“There’s no consensus,” the doubt-merchants proclaim. Whack goes that hard rubber ball.
“There’s considerable uncertainty about the data,” they whisper. Whack.
“How sure can we be?” they coax. Another whack.
“You’re not an expert—how do you know who is telling the truth?” Double whack.
Like Jesus’ disciples, we don’t know. We’re not experts. We don’t want to hang our lives on a lie. We don’t want to look foolish. We don’t want to upend our world for no good reason. We don’t want to risk the consequences of change. So we huddle inside the gray, airless upper room, afraid to take any action greater than clicking around aimlessly on the Internet, wondering who and what to believe.
It’s in the room, however, that Jesus appears to his fearful, doubting disciples—not just once, but as many times as it takes to reach out to us all. Our walls can’t keep him out. Neither can our despair or our uncertainty discourage him from coming to us. Jesus himself is truth. To know truth is to be in relationship with Jesus. “I am the way, the truth, and the life,” he promises us. Knowing Jesus isn’t having the right answers. It is opening ourselves to his presence with us.
In Jesus’ presence, we feel frenzy give way to peace. “Peace be with you,” Jesus says first to the disciples. “Peace be with you,” he says to Thomas. For Jesus, this is more than a greeting, more than a formality. Remember Jesus’ words at the Last Supper: “Peace I leave with you; my peace I give to you. I do not give as the world gives. Do not let your hearts be troubled, and do not let them be afraid.” Peace, shalom, is wholeness. It is completeness and well-being. It is reconciliation. It is oneness with God and neighbor and world. The peace that the resurrected Jesus brings with him into the upper room is reflected in those glorious words from the book of Revelation: “Look and see, the dwelling place of God is with human beings … God will wipe away every tear from their eyes … Look and see, I make all things new.” The peace of the resurrected Jesus is the peace of creation the way that God means for it to be. A creation made new. A creation ripped from the grasping hands of the merchants of doubt.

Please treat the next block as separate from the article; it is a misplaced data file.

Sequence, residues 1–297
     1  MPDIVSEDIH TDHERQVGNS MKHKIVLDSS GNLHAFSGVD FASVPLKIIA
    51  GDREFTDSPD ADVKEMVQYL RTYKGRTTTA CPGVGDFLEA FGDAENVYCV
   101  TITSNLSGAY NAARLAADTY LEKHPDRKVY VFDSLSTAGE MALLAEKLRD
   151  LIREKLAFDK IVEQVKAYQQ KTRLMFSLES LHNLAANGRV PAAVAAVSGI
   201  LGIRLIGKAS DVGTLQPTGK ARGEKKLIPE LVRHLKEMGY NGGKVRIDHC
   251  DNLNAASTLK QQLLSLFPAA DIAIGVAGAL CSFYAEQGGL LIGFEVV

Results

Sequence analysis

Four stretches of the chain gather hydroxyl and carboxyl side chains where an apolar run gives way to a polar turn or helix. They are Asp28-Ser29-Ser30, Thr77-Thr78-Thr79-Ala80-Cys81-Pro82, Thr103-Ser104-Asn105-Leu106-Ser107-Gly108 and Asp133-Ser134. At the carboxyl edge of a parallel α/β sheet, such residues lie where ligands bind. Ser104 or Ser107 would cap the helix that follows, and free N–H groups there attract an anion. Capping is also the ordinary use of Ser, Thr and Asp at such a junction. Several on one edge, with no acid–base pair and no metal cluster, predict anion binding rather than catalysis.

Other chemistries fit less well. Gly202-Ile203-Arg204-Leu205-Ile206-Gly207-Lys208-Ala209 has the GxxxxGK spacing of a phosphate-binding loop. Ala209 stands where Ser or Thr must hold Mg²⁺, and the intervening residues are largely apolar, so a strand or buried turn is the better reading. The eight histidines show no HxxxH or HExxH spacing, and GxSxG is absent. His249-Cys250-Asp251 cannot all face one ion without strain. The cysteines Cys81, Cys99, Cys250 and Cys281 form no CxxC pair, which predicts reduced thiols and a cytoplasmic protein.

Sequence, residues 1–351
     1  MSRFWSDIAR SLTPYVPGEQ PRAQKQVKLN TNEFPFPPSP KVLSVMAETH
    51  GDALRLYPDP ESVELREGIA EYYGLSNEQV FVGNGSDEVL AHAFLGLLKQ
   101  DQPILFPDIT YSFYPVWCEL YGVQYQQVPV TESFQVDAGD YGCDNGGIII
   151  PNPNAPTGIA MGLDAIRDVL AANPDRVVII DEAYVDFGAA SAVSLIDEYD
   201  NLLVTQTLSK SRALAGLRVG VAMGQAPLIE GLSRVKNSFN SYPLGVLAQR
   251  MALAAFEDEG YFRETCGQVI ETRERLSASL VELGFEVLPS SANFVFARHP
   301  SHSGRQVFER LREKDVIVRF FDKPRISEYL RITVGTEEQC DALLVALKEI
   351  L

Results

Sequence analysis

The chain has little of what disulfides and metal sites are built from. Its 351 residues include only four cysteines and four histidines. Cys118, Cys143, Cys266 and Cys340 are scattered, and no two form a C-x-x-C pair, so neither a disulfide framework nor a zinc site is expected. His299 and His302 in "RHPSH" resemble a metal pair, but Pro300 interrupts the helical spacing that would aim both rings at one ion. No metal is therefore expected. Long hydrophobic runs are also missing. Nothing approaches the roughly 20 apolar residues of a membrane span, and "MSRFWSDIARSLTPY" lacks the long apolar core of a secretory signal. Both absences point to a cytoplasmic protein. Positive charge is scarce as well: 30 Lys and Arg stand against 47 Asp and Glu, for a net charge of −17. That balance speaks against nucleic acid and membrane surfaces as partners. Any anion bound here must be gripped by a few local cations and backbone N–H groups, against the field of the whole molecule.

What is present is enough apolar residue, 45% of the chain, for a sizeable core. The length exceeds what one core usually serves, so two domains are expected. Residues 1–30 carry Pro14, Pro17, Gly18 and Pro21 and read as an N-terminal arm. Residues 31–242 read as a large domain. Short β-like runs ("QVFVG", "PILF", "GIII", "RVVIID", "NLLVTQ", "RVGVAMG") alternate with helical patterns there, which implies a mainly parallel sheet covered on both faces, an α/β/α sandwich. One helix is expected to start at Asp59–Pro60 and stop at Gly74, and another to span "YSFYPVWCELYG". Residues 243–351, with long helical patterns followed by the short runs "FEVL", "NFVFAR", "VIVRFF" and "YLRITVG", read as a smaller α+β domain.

In Jesus’ presence, we also feel despair give way to inspiration. Bishop Jake Owensby points out that the root of the verb “to inspire” means “to fill with breath.” When Jesus breathes on the disciples, he’s not just doing some strange ancient magical act. He’s filling them with new life, with new energy, with God’s energy. He’s blowing the dust from their minds so that they can think in a new way. He’s blowing open their hearts so that they can love in a new way. He’s fortifying them against the merchants of doubt. He’s giving them the strength to go back out into a hostile, self-seeking world and to live lives of reconciliation and healing.
The merchants of doubt want to paralyze and divide. They seek to profit from inaction and confusion and obfuscation of truth. Their effectiveness depends on their remaining hidden and unknown. Their effectiveness depends on us remaining asleep in the upper room. They are no match for the risen Christ. In the words of poet Christian Wiman, the risen Christ comes “letting grace wake love from our intense, self-enclosed sleep.” He reveals himself in a human gesture, in the bread and wine, in scripture, in music, in nature, in community, always bearing his wounds and helping us to recognize our own. To believe, after all, comes from the Old English root “to love.” In these difficult days, when you don’t know where to turn, or who to believe, when the merchants of doubt have you in confusion, remember the peace of Christ, the inspiration of the Holy Spirit. Breathe and reach out your hand in love. Bear your wounds. Revel in relationship. Jesus promises us that through believing, through living in his love, we will indeed “have life in his name.”